The Tough Stuff

Updated: Dec 18, 2019

What a perfect day for my first blog post on a website I designed for my husband and I's adventure as homesteaders. Only a few months in, we have accomplished quite a bit on our 1.24 acre plot, including started raising our own chickens and vegetables. We are working our way to becoming self-sustainable. Today was a little different though, a day spent 3-1/2 hours from our permaculture homestead in Charlotte, North Carolina. Fifty minutes spent in a doctor's office, answering questions, sharing my experiences with a new medicine I had started on 2 months prior.

This morning, I was told I "shouldn't be 24 years old and feeling like you want to crawl out of your skin and run." I know this, yet there I sat in my neurologist's office in an open-back gown feeling utterly uncomfortable in my own body, not just the thin cloth draped across my front. Three times per week I load my "Whisper Ject" auto-injector with the most painful shot of 40 ml of Copaxen. I usually sit there for a minute waiting to press the trigger, anticipating the pain I know will come within 10 seconds of my finger pushing the button. I sit there in disbelief that life has come down to giving myself a shot to stop a stupid autoimmune disease that has decided to plague my body and mind. I procrastinate, try to think of a reason, more like an excuse as to why I shouldn't deliver pain to my leg. Yet every single time, I press the trigger and take a deep breath as I silently count to ten.

My journey with Multiple Sclerosis has been rather difficult to cope with mentally. For the first time, I experienced the deep hole of Depression, something my peppy self has never seen before. I'm thankful it doesn't last long and I now have a clearer understanding of how it affects those whom it grasps onto. Many people would say you don't need accept the diagnosis. I say, how do I not accept it when my brain feels so foggy I can hardly concentrate or when I become utterly exhausted, fatigued for no reason. I accept the diagnosis but I refuse to give up; that's the key to anything, persistence.

Diagnosed in June, I ran a 5k the first weekend in November. I felt like absolute shit afterwards, but I did it. As I mentioned before, I deliver my shots to my legs only; other options include my stomach and the backs of my arms though I can really only accept my legs. I tell myself I can just walk the pain off, in that case run. As I found out today though, those shots aren't working. Their purpose was to prevent my bad days. The bad days occur less but they still occur and today my neurologist gave me a referral to a rheumatologist since there may be something else going on.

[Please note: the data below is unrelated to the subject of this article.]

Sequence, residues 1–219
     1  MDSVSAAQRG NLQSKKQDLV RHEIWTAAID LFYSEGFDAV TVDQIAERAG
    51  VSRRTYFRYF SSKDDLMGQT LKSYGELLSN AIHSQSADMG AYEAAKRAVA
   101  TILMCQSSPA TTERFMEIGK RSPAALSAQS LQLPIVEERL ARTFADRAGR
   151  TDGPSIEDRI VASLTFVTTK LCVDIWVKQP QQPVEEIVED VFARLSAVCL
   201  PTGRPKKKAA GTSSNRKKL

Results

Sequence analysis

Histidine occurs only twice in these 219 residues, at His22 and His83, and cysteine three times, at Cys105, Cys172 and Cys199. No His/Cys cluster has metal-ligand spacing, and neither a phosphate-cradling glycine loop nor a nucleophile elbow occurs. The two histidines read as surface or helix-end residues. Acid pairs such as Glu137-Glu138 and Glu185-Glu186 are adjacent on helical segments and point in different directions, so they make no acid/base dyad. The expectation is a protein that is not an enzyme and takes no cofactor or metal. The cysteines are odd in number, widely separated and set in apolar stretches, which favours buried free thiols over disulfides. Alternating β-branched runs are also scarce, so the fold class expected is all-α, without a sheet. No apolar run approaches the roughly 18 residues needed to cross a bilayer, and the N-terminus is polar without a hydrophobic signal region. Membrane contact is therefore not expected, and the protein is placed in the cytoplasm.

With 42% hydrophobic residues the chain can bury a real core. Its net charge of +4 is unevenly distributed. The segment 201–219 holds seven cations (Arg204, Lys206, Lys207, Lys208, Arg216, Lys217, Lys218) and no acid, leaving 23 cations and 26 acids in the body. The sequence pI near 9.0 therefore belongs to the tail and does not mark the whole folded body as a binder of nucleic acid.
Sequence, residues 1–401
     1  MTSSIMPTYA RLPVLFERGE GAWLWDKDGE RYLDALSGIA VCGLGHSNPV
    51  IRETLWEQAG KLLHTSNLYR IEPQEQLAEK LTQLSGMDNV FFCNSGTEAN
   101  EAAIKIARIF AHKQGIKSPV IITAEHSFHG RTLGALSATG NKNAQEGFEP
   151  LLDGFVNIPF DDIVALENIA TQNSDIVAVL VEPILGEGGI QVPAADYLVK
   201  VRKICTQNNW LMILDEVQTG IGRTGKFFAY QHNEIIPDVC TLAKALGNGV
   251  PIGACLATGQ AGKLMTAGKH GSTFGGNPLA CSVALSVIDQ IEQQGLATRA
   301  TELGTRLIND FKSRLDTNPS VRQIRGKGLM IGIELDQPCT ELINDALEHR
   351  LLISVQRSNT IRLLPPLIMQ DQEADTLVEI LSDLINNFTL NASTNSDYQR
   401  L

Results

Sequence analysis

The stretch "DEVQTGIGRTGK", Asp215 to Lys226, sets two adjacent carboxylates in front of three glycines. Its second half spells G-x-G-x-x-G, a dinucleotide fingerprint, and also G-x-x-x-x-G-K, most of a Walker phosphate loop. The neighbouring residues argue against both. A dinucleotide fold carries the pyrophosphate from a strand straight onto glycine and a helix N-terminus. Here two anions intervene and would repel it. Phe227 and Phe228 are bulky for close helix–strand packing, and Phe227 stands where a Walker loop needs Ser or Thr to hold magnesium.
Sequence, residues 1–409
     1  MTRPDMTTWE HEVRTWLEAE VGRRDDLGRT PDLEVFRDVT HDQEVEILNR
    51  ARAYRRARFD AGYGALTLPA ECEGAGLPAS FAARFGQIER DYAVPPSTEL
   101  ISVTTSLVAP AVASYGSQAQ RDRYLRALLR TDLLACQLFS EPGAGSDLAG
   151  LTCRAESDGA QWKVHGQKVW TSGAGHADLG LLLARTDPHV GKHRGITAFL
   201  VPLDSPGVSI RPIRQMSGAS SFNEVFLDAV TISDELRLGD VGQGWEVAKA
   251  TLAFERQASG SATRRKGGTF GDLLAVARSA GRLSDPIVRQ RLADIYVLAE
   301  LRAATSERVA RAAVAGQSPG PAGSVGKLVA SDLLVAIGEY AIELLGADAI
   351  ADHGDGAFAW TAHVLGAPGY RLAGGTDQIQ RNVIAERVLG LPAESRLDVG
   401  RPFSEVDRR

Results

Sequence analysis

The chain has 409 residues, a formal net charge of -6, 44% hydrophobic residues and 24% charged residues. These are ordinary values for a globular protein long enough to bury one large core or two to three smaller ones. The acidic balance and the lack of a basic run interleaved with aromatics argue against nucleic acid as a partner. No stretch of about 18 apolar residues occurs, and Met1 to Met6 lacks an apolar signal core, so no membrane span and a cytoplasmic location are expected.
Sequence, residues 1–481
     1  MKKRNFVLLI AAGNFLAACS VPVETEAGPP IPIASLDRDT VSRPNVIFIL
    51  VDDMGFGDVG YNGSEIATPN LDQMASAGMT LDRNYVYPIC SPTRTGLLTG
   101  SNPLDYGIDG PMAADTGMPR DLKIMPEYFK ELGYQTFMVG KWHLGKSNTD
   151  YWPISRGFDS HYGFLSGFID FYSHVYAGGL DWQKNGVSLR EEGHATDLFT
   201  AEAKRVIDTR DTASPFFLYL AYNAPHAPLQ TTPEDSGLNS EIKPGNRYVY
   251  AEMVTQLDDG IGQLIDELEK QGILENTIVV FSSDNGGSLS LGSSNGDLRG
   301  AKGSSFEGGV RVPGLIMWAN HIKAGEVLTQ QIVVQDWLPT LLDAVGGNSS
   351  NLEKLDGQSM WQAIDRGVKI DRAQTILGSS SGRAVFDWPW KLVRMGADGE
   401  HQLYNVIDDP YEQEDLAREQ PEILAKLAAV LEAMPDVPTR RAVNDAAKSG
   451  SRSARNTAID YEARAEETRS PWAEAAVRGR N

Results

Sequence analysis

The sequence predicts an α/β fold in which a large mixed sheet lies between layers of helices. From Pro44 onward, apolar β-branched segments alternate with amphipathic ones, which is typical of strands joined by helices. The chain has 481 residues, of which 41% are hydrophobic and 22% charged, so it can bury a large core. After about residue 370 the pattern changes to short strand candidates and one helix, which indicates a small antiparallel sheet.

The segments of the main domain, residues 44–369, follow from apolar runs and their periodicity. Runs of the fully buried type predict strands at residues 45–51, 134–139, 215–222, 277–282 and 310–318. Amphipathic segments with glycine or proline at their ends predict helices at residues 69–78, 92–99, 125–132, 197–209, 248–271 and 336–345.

Overall, it's rather learn this painful shot I endure every Monday, Wednesday and Friday night is not doing its job. I feel defeated, yet I know this is God's plan for me. My heart goes out to my husband - he doesn't understand, not truly. He sees the pain and some days offers empathy for whatever he thinks I am feeling. He pulls my weights for me when I struggle to climb out of bed to feed the animals in the morning. He washes the dishes when I can't stand at the sink for longer than a few minutes due to the fatigue. He wipes my tears as I hold his hand to my face when I need comfort. I appreciate him more than he knows.

If you are new to our story, this is our why. My diagnosis jump-started our journey to wanting to eat better which became raising our own food. I apologize for the word and emotion vomit here but I needed to find an outlet and I truly am not sorry for sharing my story. May you enjoy tagging along for our journey as we refuse to give up together.

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